9/28/2011 5:16:12 PM
In the Western world, calligraphy—and handwriting in general—is nearly as dead as the paper it’s written on. But for scribers of many Asian languages, calligraphy is not only a part of everyday communication, it’s considered a pleasurable hobby. In Chinese public parks, for example, many people have taken to brushing beautiful characters onto sidewalks with water instead of ink—creating ephemeral splashes of public art that disappear within minutes.
Beijing-based artist Nicholas Hanna has taken the art of temporary calligraphy to a whole new, digitized level. Hanna strapped big water jugs to the back of a sān lún chē, or tricycle rickshaw, and connected them to about 15 computer-controlled nozzles that are affixed to the back of the vehicle. As he pedals down the street, the contraption dribbles water, leaving temporary characters that look like a hybrid of hanzi and the classic video game Space Invaders.
“It doesn’t have the same kind of grace and beauty, because it’s mechanized and it’s automated,” Hanna concedes in the Danwei-produced video below. “I view it as a sort of Western approach to things, but it a way for me to do it, too. To be in China and to play with them also.”
9/21/2011 3:29:13 PM
Impressionist artwork was once seen by some to be rough and incomplete. “A preliminary drawing for a wallpaper pattern is more finished than this seascape,” scoffed one critic of Monet’s Impression, Sunrise, which was being exhibited in a salon alongside works by Renoir, Degas, and Cézanne. Close up, the pieces were thick smudges on a canvas. Only when stepping back could viewers perceive the beauty of the scene itself created from the rich layers of paint.
Modern artist Tom Deininger takes impressionist perception to a whole new level with his re-creation of Monet’s 1899 masterpiece Bridge over a Pond of Water Lilies, which is composed entirely of found objects like plastic forks, phone cords, bottle caps, markers, lighters, combs, and children’s toys. “When you can take something out of context and put it together with a variety of other things,” Deininger says, “you can coax a new definition out of it and maybe a new purpose”—in this case, natural landscapes recreated in junk, writes 1-800-Recycling.com. Deininger creates his assemblages on a grand scale, as large as 12 by 20 feet, making them a lovely scene from far away and a hodgepodge of junk up close. “I think that all art, even reality, is about perception,” says Deininger, calling to mind the Impressionists to whom his art pays strange and beautiful homage. “And so you’ve got one thing up close and it coalesces into something else all together from a distance.”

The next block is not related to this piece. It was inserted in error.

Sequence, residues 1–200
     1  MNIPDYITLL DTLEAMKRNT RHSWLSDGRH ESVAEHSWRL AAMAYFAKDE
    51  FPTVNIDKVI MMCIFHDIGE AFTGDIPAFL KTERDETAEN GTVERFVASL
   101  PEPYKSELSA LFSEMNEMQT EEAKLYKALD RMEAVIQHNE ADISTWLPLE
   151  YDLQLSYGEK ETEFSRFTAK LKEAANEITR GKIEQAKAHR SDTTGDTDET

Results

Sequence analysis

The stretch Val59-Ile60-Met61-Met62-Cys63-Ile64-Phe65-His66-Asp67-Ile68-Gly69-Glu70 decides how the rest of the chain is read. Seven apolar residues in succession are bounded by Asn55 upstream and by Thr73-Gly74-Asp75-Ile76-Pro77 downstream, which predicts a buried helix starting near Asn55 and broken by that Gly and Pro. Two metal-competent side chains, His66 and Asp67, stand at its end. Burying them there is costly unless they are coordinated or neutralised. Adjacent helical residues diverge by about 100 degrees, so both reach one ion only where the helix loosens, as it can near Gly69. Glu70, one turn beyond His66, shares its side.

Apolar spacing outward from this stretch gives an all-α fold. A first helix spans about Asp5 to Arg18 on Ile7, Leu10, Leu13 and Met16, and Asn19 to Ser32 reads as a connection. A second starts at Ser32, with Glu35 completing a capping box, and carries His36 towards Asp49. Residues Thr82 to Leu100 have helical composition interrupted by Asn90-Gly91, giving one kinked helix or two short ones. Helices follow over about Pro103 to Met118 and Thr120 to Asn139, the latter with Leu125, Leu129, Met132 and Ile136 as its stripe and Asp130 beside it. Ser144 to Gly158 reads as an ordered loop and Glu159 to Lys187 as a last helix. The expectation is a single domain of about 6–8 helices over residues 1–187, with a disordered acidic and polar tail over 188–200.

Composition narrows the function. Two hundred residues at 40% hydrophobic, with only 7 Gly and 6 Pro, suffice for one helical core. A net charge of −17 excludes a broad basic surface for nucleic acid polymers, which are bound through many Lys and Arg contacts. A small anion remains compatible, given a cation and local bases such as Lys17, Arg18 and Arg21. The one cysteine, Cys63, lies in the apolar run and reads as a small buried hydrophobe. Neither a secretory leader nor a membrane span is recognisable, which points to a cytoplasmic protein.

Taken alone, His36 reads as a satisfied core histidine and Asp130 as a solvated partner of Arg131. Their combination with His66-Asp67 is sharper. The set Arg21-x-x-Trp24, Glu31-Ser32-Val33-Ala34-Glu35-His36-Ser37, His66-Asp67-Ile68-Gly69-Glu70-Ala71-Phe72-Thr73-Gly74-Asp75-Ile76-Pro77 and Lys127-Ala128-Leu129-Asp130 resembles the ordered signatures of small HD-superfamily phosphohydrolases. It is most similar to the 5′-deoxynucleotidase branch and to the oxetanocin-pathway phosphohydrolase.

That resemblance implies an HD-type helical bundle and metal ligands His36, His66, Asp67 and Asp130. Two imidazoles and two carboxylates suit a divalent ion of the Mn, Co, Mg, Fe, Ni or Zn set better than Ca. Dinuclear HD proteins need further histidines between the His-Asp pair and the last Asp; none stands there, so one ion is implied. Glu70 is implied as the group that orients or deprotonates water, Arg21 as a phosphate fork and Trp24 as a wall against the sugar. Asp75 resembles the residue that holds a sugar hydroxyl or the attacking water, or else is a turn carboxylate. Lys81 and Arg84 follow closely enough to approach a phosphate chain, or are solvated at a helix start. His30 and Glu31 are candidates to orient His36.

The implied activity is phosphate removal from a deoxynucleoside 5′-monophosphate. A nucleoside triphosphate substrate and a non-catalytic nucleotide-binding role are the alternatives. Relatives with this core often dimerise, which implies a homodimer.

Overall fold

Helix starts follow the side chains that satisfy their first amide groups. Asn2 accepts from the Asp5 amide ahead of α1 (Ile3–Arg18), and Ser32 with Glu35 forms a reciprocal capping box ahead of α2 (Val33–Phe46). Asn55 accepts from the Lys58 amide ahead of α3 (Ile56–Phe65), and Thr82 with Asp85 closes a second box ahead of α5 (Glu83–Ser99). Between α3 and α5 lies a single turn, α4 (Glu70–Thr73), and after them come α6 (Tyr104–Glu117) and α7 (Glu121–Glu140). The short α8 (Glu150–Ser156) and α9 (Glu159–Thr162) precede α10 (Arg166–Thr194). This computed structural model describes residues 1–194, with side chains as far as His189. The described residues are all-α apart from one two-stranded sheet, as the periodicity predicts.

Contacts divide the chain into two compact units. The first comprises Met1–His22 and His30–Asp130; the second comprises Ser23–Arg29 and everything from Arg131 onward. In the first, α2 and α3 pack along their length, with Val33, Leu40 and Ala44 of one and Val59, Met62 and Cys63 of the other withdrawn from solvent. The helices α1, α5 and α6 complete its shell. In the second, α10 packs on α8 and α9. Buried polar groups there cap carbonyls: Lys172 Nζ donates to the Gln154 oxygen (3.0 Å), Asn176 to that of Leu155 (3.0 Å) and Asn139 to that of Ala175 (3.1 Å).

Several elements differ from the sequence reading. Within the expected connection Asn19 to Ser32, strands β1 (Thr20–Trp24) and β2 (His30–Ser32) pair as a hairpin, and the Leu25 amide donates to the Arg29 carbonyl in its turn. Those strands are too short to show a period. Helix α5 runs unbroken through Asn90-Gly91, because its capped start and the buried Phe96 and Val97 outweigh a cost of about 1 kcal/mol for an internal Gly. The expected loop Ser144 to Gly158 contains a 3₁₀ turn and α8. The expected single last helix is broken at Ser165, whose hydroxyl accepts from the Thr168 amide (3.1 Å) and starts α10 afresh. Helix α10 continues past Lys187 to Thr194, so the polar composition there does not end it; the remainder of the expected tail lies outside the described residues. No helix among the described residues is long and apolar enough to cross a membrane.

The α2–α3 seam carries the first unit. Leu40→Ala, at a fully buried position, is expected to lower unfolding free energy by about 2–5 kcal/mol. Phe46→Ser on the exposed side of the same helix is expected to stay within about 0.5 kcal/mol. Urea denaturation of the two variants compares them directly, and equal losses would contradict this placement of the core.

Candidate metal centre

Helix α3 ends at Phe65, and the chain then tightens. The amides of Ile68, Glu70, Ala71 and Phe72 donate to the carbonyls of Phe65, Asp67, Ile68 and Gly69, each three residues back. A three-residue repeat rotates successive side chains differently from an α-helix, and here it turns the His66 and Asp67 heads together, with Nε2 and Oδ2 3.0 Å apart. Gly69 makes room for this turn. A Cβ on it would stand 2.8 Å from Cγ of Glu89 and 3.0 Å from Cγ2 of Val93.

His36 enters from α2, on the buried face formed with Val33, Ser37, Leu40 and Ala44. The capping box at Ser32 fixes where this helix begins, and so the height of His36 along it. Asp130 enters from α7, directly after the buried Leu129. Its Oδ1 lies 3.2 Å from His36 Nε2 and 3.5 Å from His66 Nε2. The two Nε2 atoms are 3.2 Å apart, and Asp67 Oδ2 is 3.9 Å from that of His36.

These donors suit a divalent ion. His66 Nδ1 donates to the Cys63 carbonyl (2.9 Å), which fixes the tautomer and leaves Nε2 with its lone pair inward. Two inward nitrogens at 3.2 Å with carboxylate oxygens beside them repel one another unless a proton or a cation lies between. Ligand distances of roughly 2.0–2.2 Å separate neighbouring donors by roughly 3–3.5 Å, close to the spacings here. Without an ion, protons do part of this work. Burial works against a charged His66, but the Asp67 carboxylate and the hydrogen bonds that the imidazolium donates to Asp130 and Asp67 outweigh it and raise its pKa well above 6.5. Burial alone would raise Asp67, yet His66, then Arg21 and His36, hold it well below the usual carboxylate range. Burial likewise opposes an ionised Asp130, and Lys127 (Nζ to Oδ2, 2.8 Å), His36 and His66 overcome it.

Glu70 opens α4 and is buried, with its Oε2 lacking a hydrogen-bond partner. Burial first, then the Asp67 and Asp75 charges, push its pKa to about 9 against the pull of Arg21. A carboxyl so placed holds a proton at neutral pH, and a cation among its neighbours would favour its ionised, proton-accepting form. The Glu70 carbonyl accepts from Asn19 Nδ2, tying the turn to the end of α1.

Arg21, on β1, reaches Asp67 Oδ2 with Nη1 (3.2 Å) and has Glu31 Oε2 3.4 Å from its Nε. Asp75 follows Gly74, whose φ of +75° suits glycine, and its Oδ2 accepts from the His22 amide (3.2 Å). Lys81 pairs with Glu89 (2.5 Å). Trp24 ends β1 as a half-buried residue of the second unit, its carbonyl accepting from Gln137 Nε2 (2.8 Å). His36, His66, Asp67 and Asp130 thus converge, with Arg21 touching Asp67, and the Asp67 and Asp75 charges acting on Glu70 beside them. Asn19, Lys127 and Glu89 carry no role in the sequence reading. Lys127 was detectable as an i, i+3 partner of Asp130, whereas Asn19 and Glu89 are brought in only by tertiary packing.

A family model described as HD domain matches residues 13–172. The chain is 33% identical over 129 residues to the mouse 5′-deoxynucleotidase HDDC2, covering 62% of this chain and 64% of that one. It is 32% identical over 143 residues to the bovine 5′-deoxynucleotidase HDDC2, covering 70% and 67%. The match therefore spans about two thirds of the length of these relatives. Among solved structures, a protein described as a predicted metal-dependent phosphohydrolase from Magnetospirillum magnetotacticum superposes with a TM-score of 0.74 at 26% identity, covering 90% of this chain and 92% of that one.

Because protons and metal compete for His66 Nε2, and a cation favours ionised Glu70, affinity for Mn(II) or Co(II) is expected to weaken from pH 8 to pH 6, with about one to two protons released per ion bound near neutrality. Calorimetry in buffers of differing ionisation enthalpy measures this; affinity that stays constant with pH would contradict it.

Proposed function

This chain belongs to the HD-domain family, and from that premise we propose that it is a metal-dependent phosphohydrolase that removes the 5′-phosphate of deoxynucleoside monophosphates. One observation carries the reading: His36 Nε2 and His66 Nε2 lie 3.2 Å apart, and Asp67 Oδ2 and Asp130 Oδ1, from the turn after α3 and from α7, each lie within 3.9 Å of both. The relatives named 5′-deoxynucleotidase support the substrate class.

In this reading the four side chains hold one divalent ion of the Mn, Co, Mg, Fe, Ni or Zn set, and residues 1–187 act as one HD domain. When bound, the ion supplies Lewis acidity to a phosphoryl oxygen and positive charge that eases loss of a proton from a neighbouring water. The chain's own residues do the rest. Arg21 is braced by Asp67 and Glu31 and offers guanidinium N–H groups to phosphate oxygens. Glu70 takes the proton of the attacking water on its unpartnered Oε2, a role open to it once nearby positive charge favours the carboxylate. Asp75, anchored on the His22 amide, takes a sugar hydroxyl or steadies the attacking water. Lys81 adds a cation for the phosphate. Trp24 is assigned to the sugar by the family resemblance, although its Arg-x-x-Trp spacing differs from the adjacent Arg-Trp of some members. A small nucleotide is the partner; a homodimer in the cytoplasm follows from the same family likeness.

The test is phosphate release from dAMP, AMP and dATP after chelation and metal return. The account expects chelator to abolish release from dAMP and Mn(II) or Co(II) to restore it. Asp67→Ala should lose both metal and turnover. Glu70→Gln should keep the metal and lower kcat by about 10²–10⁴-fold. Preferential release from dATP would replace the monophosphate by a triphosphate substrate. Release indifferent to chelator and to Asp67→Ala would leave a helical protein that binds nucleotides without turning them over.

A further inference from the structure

Images by Tom Deininger, collection of Billi and Bobby Gosh, used with permission
9/21/2011 2:30:40 PM
In this continuing series,
Art Director Stephanie Glaros explains the
process behind an
Once in a while, an illustrator comes to my attention whose
style is unlike any other I’ve seen. Although I can’t recall how I first came
across Keith Greiman’s work, I knew instantly that he was someone who I wanted
to get into the magazine. His characters are really fun, and I especially appreciate
his use of color. I recently commissioned Keith to illustrate the article “The
Gospel According to…,” which describes a bible without God. I knew Keith would
have fun playing with the idea of mixing secular and Christian elements.
Indeed, his final art includes the coolest version of Noah’s Ark I’ve ever
seen, and the surrealistic colors made this piece one of my favorites in the